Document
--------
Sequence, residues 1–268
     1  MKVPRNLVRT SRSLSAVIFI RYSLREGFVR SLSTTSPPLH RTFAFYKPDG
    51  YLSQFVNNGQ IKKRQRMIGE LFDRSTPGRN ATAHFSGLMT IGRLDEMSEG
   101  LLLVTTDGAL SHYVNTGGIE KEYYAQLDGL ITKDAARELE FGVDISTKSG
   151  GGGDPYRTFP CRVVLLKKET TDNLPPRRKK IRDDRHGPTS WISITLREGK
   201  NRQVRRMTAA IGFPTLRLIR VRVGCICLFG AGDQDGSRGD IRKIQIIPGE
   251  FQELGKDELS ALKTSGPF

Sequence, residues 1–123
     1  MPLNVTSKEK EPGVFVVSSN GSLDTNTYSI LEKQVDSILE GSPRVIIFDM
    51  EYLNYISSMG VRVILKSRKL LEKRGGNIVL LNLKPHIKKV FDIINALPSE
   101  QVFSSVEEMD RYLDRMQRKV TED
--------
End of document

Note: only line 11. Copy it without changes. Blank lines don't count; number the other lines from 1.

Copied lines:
   101  QVFSSVEEMD RYLDRMQRKV TED